Grind test. With axial compression of the big, the examiner determines the occurrence of pain, caused by arthritis to the 1st MTP joint.
Varus/Valgus Stress Test of the MTP
The patient lies supine or sitting with the knees extended. With one hand the examiner stabilises the medial foot close to the MTP. The distal 1st metatarsal of the big toe is moved laterally (valgus) or medially (varus). The test is positive when increased or decreased laxity occurs and pain is felt,all of which is indicative of a collateral ligament sprain.
Morton’s test for interdigital neuroma
With the patient in the supine position, the examiner uses a stick or pencil to apply pressure to the intermetatarsal space. The test is positive for interdigital neuroma when symptoms (e.g. pain) are enhanced.
The neurological status of the limb must be assessed at examination.
The specific examination is performed to determine changes in:
The examiner investigates the function of different muscles of the ankle and foot to determine the integrity of the nerves controlling the movement of each component. In brackets is the responsible nerve.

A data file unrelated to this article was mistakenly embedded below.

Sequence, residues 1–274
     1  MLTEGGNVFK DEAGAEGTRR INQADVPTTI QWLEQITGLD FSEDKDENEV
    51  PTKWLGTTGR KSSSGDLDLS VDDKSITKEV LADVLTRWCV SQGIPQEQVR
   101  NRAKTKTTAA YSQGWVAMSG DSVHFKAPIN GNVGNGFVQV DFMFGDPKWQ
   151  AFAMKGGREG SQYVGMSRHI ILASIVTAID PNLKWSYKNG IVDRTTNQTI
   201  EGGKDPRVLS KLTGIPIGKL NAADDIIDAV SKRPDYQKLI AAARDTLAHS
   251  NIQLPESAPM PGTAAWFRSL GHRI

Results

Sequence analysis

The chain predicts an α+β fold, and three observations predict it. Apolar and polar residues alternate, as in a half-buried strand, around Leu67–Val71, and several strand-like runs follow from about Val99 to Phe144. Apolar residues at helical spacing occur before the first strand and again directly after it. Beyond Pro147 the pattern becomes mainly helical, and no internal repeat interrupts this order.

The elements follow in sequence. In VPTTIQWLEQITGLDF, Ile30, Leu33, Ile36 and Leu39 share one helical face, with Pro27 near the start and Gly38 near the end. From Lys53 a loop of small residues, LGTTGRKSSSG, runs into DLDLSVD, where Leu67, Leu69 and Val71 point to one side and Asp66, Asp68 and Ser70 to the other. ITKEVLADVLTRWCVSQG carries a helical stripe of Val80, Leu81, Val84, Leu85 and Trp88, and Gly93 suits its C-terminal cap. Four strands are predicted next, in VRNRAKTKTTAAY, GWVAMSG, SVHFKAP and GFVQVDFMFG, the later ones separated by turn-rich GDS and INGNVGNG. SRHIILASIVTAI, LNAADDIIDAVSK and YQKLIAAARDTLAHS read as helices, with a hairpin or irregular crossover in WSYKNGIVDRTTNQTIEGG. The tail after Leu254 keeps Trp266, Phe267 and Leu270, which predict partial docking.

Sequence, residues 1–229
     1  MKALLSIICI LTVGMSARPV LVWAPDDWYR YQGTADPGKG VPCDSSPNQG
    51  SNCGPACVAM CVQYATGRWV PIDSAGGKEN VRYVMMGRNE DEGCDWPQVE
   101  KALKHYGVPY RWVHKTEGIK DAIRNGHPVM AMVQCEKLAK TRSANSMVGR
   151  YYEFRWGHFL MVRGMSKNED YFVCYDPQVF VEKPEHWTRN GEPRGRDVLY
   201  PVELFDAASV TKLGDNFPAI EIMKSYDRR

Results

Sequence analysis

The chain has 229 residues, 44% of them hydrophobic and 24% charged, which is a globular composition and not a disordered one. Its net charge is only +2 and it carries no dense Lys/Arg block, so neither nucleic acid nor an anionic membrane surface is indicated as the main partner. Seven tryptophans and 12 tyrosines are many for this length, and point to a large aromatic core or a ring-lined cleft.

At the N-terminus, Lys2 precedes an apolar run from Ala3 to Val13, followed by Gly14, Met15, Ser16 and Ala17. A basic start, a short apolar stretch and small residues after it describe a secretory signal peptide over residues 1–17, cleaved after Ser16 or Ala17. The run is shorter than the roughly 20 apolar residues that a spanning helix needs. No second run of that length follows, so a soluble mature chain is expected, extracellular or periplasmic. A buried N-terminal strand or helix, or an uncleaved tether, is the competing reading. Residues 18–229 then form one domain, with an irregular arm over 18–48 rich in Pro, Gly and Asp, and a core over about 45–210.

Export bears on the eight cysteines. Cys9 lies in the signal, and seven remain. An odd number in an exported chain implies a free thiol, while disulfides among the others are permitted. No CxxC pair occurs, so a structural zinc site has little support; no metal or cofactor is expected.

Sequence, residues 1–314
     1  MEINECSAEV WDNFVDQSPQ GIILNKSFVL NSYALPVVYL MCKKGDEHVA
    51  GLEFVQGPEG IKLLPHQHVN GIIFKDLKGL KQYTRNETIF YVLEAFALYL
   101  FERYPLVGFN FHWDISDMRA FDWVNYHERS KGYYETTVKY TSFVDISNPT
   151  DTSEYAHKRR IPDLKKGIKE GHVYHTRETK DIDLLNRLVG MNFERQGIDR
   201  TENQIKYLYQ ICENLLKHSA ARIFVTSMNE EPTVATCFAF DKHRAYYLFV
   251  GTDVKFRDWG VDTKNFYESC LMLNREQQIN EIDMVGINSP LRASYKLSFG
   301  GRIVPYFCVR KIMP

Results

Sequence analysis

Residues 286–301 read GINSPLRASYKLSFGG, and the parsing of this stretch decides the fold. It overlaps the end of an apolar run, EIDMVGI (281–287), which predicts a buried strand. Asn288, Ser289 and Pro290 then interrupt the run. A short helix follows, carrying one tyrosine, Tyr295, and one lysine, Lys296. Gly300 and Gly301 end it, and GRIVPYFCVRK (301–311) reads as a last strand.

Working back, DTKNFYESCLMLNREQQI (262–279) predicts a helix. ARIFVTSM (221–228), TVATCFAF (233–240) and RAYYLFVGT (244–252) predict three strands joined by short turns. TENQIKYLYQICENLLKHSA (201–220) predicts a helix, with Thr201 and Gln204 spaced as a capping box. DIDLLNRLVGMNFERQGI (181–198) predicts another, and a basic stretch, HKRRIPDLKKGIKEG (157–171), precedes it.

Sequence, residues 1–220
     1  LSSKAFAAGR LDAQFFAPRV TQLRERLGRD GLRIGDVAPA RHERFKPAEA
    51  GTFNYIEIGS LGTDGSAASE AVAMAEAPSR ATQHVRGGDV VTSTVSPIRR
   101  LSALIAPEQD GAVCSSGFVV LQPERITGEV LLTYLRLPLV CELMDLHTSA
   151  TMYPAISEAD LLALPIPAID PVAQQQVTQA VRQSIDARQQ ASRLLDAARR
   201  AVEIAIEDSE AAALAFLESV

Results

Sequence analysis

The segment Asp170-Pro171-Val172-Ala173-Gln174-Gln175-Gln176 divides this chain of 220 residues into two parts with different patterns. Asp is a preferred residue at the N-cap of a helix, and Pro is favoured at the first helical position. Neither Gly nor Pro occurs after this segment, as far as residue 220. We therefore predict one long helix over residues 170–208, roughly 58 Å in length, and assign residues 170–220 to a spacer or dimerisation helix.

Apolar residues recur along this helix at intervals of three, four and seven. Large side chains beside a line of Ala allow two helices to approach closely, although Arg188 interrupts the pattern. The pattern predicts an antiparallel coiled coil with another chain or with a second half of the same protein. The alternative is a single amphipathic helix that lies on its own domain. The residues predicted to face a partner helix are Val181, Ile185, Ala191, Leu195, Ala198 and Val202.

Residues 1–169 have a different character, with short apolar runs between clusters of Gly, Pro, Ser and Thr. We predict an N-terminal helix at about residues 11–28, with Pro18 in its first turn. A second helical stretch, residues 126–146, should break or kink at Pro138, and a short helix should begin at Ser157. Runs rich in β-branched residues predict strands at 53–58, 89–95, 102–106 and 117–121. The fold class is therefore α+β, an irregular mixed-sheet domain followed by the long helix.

Tibialis Anterior (Deep Peroneal Nerve L4)
Extensor Hallucis Longus (L5)
Extensor Digitorum Longus (L5)
Peroneus Longus and Brevis (Superficial peroneal Nerve, S1)
Gastrocnemiusand soleus (Tibial Nerve, S1 S2)
Flexor Digitorum Longus (Tibial Nerve L5)
Tibialis Posterior (Tibial Nerve L5)
The sensory and motor function of the ankle and foot are controlled by the nerves of the lumbar and sacral spine.
The examiner is testing touch, pin prick, vibration (using a tuning fork), and is looking for joint position sense (proprioception). The examiner will also focus on dermatomes, which are skin and muscle areas innervated by specific nerves. Any deficits such as pain, numbness, and muscular atrophy/loss of strength of the ankle and foot can arise from a pathology to the lower spine and revealed by examining the corresponding dermatomes.